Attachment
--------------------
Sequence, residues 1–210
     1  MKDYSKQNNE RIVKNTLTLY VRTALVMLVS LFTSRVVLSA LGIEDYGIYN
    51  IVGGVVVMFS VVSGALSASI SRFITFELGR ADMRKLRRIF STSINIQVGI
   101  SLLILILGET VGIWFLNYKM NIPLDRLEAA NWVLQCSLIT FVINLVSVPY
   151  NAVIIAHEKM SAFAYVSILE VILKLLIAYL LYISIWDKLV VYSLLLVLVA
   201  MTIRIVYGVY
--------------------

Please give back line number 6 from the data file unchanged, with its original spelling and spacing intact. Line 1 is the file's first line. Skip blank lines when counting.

   201  MTIRIVYGVY